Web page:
Having been out at sea, sometimes in less than favourable conditions as I have been doing delivery voyages and things like that, it is always refreshing to know that when you put out a radio call, even checking in your daily position, there are people there to receive those radio calls and acknowledge that you are there. It is all part of our maritime safety regime we have in Australia. In fact there are 56 unit bases along the east coast from Eden to Point Danger which provide that great service. A couple of weeks ago, on 5 June, I had the honour to attend a recognition ceremony for the volunteers from Marine Rescue Australia.I would like to point out to this chamber that these people are volunteers who will go to sea in the roughest of weather to save other individuals. The key point here is that they are volunteers, usually in their senior years, who are putting their lives on the line in atrocious conditions to provide safety at sea for others when most people should be at home in bed. They do it and they get away with what they do because they are highly-trained individuals dedicated to the pursuit of survival at sea.

In recognising these volunteers, some who have provided decades of service, I would like to put their names on the record in the Hansard. From the Lemon Tree Passage unit there was Ray Conibear and Alan Ford who both joined in 2001, Dianne Wilson who has been volunteering since 1995 and Richard Osborne who entered the unit back in 1982. From the Nelson Bay unit, Brian and Maureen Wheatley signed up in March 2001, Heather Harmer, June Toms, Colin Bain and Patrick Johnson have been members since 2000, Marshall Britts, George Lawson, David Fairless, Malcolm Milliken, Nigel Waters, Geoffrey Moore, Joe Kolossa, Louise Moore, Eryl Thomas and Arthur Heiler joined in 1999, Ken Ross-Sampson, James Benson, Yvonne and John Almgren joined in 1998, Barry Hayes and Ramon Calvert joined in 1996, Kevin Lanyon, Bruce Shade and Alvin Kemp joined in 1994, John Smith joined in 1993, Shirley Clark and Lloyd Cropper joined up in 1991, Peter Phillipson and Rod Reeson joined in 1987, Harold Gibson joined in 1985, Mary Penny joined in 1983, Kevin Clark and Peter Shevlin joined in 1982 and last but by no means least John Thompson, who has been helping keep people safe on our waterways since 1968. That is more than four decades of volunteering service.

I quite often say to Thommo, 'Mate, you've got to get a life.' But he is typical of all those people in Marine Rescue who put their lives on the line regularly, going out to save people who are in distressed vessels off our coastline. Quite frankly an oil spill coming from a yacht, a fishing boat or a large cruiser can be equally as damaging as a small spill from a ship. Even though one might be pumping crude and the others have pure dieseline or petrol they can equally be damaging.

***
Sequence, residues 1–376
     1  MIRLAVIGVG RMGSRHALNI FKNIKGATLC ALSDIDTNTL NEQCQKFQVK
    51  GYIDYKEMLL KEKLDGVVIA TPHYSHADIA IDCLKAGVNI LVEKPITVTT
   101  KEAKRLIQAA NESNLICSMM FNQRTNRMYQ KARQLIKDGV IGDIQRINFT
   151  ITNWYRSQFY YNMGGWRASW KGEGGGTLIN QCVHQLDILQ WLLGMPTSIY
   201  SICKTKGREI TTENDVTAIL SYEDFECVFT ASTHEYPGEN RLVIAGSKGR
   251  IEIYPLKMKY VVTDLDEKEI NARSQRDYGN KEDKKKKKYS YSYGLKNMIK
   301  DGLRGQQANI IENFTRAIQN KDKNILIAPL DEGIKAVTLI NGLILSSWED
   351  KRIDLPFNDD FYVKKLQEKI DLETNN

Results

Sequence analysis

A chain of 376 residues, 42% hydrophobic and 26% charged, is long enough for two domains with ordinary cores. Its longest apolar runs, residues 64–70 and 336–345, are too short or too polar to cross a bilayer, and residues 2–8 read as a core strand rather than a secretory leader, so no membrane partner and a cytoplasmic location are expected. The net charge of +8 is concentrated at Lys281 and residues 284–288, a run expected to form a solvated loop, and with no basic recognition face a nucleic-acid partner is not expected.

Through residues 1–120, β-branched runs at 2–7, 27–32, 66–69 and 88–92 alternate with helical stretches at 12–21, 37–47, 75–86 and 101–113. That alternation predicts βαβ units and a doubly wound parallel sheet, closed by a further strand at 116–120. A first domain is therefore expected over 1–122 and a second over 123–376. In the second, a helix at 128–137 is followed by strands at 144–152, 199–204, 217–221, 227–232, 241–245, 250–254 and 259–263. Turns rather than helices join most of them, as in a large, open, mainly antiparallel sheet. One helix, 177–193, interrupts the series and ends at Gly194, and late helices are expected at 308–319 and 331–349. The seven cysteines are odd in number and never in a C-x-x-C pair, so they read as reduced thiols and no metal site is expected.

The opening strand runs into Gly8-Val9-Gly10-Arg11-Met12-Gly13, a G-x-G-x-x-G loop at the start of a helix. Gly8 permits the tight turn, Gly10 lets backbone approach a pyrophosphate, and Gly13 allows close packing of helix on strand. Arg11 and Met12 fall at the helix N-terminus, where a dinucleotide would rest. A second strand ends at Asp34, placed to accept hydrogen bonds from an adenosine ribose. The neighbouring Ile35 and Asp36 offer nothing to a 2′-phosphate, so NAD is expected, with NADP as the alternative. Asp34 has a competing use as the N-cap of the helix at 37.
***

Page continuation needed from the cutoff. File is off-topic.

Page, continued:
These are the people who have an absolute commitment to our community. I will give you an example. In 2009 our local marine rescue unit performed 140 maritime rescues. That is 140 times; not all of them in bad and atrocious weather—the boat might have broken down on a perfectly sunny day. I have sat around and talked to these guys. They inherited a boat that was given to them called the Daniel Kane which came out of England and was a lifeboat there. It is a fully enclosed boat where the people who work on it are all below decks and strapped in and it will go out in absolutely atrocious conditions.

Our region is no stranger to ship disasters, and I would remind this chamber of the fate of the Pasha Bulker. It was only by sheer good fortune when she was beached in that massive storm that there was no massive oil spill. I know that besides the professionals there and the tugboat drivers it was the volunteers like the Westpac Rescue Helicopter Service who got people onto the ship and evacuated the ship. It was people like our Marine Rescue units who were standing by ready to help in case they were needed.

Protecting our seas is important and that is why this legislation is another pathway forward to protecting that marine environment. We can remember things such as the Exxon Valdez and the devastation that that created up in the north Pacific. We can remember the Gulf of Mexico, that is only a year on, and the devastation on a very broad scope that had on the southern states of the USA. It was not just that the oils and crude got washed up in the rivers, it went all the way up through into the Everglades area and it affected the marine nurseries and the financial liabilities of those towns. That is why in conclusion it is critical to be proactive. It is critical to have plans that are evaluated by professionals independently and, as always with the master of the vessel, it is critical to hold the master of the vessel responsible for the operations and safety of the vessel. The coalition commends this bill before the House.

The DEPUTY SPEAKER ( Ms K Livermore ): That was a lovely tribute to those volunteer organisations right around our coastline.